The Whisk seeks to try reason. Please be skeptical of everything you read here, or anywhere for that matter, that is not explicitly presented as a fact. Then, if so inclined, we encourage you to look things up for yourself. The Internet rocks. So read on with one eyebrow raised, and become a part of our little movement to eradicate ignorance, prejudice, fanaticism, pretentiousness and all such mean nasty things.
What the FRACK?
By Sylvia Wilde
As the carbon fuels that we’ve used to restructure the Earth’s atmosphere and ravage its climate begin to dwindle, coal, oil, and gas companies are scrambling to tear every last bit of fossil fuel out of the ground–as violently as necessary. Coal companies are blowing up mountains for thin seams of coal, oil companies are denuding thousands of square miles of land to get at tar sands, and natural gas companies are fracking.
Fracking, or hydraulic fracturing for natural gas, is the method used to release pockets of methane from a type of rock–such as shale–that is particularly impermeable. The process goes like this:
Gas companies will drill a well deep underground to the rock where the methane deposits are. Then, they will pump a mixture of sand, water, and other chemicals into the ground at such a high pressure that the bedrock cracks. When it does, the sand in the mixture fills the cracks, holding them open and allowing the gas to finally seep out.
This process wastes staggering amounts of water–millions of gallons for each frack–but it has the potential to pollute far more. Hundreds of tons of volatile organic compounds are used each time a well is fractured, and many of these compounds are carcinogens (cancer causers) or endocrine disruptors, which are chemicals that throw off our body chemistry by mimicking our hormones. When the casings to the wells leak, they release water contaminated with gas and toxic chemicals into the water table. Fracking has been linked to over 1,000 instances of contaminated drinking water, and some people have even had water coming out of their faucet that was flammable because of the methane in it.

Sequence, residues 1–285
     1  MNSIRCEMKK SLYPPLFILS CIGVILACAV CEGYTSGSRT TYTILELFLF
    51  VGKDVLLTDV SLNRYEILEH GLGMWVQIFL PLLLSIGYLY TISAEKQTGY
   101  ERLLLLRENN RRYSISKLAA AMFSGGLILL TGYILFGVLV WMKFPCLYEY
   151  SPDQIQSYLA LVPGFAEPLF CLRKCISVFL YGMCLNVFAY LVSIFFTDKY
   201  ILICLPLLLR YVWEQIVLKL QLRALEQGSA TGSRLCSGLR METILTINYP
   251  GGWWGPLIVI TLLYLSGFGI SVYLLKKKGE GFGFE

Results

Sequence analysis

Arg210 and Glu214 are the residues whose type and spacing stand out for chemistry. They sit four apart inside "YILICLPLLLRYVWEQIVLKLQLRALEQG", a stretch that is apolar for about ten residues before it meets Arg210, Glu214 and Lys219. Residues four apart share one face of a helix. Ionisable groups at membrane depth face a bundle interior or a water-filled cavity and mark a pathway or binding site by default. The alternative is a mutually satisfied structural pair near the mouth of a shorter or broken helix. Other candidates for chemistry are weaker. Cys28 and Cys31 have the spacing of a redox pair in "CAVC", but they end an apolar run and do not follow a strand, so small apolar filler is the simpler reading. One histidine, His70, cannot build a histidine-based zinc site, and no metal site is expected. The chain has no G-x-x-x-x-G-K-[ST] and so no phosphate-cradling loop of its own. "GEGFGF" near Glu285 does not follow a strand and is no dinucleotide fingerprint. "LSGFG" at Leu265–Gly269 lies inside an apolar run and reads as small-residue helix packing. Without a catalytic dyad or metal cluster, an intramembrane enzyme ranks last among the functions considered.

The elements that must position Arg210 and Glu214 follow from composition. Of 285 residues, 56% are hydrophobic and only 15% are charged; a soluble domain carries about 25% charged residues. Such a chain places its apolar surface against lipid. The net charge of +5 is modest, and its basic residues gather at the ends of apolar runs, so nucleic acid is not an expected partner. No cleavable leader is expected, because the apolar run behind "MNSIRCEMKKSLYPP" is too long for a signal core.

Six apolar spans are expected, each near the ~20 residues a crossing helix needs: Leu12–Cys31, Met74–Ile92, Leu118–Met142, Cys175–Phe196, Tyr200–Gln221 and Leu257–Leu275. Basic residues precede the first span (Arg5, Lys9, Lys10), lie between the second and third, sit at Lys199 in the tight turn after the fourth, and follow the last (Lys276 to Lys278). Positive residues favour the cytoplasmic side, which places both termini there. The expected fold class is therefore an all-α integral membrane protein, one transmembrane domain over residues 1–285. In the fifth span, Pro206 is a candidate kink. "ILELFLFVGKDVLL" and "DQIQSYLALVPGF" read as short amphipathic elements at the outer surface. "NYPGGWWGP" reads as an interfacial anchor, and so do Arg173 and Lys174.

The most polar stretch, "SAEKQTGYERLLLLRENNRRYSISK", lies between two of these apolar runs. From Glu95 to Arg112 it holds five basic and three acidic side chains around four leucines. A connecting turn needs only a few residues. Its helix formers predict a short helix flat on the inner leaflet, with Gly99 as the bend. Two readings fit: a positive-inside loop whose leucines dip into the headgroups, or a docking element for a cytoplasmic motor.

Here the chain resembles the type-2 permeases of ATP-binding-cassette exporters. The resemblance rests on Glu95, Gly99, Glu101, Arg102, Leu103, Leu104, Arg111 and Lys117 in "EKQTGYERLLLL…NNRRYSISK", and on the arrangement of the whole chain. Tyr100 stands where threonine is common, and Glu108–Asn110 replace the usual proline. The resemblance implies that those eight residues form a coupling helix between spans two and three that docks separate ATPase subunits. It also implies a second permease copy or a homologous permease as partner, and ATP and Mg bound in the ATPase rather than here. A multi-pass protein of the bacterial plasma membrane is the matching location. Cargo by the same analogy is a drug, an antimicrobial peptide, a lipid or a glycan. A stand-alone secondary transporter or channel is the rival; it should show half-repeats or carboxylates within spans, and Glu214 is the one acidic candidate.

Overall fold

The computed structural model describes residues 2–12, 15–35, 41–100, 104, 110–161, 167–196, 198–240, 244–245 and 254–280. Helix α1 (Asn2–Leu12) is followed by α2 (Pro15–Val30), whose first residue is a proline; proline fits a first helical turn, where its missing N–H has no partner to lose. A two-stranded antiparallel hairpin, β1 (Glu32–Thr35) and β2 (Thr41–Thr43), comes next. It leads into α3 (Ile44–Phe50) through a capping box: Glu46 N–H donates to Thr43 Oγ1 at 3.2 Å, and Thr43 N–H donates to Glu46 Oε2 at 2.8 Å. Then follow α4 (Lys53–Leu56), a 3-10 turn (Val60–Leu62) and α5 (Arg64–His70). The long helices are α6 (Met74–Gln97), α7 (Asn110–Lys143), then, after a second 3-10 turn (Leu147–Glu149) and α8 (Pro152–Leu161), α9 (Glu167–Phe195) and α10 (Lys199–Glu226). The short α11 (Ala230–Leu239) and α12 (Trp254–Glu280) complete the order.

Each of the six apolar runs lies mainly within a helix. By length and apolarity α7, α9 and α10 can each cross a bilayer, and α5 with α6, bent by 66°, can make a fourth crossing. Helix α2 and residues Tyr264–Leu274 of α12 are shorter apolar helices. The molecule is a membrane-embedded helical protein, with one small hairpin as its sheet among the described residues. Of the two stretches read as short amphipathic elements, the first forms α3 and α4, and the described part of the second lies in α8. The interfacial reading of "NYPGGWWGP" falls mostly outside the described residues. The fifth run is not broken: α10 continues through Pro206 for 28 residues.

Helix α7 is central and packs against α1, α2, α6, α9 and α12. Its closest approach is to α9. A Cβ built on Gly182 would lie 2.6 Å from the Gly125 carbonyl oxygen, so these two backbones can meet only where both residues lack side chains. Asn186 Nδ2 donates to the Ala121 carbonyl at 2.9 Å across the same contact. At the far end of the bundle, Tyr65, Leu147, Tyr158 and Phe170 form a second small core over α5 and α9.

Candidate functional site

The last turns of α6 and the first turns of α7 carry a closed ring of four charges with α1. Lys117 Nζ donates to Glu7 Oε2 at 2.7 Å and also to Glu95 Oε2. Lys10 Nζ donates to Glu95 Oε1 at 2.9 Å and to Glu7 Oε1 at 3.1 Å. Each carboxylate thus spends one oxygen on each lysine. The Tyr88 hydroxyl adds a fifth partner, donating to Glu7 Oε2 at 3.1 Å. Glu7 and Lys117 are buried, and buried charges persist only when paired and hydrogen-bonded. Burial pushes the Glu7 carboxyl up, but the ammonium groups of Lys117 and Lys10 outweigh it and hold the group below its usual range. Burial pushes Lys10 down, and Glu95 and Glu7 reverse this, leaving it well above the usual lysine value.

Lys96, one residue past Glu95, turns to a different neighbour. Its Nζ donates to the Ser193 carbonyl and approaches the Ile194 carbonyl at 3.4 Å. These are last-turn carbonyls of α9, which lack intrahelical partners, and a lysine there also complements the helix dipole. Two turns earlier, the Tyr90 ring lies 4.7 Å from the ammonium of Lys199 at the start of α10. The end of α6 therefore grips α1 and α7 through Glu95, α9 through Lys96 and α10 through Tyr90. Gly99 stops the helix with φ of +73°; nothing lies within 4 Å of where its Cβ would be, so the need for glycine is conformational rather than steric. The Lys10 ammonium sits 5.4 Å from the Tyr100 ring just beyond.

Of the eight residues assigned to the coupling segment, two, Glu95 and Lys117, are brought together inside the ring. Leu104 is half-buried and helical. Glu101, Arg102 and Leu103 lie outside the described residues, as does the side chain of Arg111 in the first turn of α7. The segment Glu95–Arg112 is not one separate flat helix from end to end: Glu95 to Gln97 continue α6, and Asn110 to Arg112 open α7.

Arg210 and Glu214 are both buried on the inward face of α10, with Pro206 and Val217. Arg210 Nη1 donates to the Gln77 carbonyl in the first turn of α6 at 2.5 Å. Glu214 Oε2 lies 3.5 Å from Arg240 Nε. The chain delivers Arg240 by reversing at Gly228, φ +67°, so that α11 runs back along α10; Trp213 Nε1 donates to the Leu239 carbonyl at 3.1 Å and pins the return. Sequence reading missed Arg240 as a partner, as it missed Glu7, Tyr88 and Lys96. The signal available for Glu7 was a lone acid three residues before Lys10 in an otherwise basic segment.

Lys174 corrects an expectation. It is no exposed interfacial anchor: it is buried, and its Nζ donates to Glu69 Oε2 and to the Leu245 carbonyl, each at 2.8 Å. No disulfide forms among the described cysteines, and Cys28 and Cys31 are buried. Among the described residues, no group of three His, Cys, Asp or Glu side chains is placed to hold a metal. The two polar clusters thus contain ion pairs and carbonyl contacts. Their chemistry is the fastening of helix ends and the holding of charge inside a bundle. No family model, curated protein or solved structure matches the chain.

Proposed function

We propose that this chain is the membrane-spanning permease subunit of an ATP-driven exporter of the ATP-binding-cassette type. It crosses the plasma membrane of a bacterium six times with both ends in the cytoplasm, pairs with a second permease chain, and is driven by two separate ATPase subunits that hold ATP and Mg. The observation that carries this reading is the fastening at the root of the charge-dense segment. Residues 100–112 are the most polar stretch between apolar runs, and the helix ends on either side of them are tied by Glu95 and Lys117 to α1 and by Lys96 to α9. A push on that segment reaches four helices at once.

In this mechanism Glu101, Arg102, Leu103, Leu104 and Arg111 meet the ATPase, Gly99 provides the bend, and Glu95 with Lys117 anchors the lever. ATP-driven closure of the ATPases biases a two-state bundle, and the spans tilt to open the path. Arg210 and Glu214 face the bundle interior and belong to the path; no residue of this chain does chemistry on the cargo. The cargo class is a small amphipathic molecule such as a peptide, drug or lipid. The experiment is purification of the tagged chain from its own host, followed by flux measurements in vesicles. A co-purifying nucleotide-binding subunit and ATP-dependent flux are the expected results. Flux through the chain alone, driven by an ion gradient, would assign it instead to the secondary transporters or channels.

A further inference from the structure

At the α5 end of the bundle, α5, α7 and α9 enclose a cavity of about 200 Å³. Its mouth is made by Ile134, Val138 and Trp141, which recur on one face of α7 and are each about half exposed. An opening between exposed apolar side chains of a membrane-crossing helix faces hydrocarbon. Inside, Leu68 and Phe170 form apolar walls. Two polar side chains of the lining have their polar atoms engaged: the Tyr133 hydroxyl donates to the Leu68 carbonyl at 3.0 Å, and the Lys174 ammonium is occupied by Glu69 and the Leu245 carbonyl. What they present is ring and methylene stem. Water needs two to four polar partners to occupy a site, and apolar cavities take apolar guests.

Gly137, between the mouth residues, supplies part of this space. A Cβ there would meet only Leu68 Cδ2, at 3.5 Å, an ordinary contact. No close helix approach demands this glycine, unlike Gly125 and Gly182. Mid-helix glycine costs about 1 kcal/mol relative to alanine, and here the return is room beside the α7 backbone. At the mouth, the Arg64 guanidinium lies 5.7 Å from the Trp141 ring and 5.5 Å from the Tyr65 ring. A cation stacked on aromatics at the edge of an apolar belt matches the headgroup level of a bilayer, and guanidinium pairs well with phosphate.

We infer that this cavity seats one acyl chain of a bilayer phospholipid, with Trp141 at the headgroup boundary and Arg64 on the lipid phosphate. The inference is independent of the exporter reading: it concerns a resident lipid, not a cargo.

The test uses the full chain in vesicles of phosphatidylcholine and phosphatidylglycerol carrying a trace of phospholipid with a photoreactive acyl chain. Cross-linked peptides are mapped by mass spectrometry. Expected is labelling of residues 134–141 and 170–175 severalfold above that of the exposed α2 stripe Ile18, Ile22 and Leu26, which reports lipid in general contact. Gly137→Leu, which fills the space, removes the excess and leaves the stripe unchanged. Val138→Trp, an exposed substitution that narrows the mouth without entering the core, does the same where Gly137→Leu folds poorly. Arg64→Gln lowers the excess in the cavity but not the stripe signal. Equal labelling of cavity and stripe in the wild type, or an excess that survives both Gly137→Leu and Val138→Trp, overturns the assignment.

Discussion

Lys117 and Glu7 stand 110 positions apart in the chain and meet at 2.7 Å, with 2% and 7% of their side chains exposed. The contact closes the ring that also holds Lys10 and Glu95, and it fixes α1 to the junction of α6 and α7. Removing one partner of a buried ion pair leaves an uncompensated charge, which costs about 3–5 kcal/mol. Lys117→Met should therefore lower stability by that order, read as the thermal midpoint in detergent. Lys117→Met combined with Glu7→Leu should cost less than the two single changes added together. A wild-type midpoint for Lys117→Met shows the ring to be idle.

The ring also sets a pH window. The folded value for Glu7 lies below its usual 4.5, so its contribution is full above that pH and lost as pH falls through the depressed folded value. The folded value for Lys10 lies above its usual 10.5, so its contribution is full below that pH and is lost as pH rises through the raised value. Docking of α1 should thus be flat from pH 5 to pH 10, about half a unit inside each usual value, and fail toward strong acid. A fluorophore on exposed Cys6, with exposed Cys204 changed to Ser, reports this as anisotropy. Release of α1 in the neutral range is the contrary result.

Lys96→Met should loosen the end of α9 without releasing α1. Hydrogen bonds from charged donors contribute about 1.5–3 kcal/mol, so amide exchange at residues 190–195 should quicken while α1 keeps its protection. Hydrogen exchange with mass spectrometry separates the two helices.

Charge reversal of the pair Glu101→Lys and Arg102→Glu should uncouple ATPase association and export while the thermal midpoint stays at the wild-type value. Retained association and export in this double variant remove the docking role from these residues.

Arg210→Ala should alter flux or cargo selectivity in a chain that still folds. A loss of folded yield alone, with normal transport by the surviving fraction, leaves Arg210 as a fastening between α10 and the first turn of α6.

So how are they getting away with this? The energy policy act of 2005 created a loophole for frackers that exempted them from the Safe Drinking Water Act and other EPA-enforced laws. Now the gas companies don’t even have to tell what chemicals they’re putting into their fracking fluid. That means, even when there is proven water contamination, it can’t necessarily be traced back to the frackers.
All of this is starting to get a lot scarier for those of us who live out east. Companies like Halliburton have been fracking for years in western states like Colorado and Wyoming, but now they’re invading states like Pennsylvania and New York so that they can exploit the vast Marcellus Shale that lies beneath them. It’s time to get angry.
Right now, the battle over what gas companies are going to be able to do is being waged on both a state and national level. Last November, the people of New York State made a stand and put a freeze on all fracking in their state; they were unwilling to watch the NYC’s water be contaminated by corporate greed. This is a good first step, but we can’t stop here: if we’re going to protect our health and our environment, we can’t be apathetic, we need to act now. Here’s what you can do:
1) Tell your friends and family about hydraulic fracturing and why it’s so fracking stupid.
2) Call, email, or write to your senators and your representative in congress, asking them to cosponsor The FRAC Act, H.R. 2766 or S. 1215, which would hold natural gas companies accountable under the Safe Drinking Water act and force them to tell what chemicals they’re fracking with.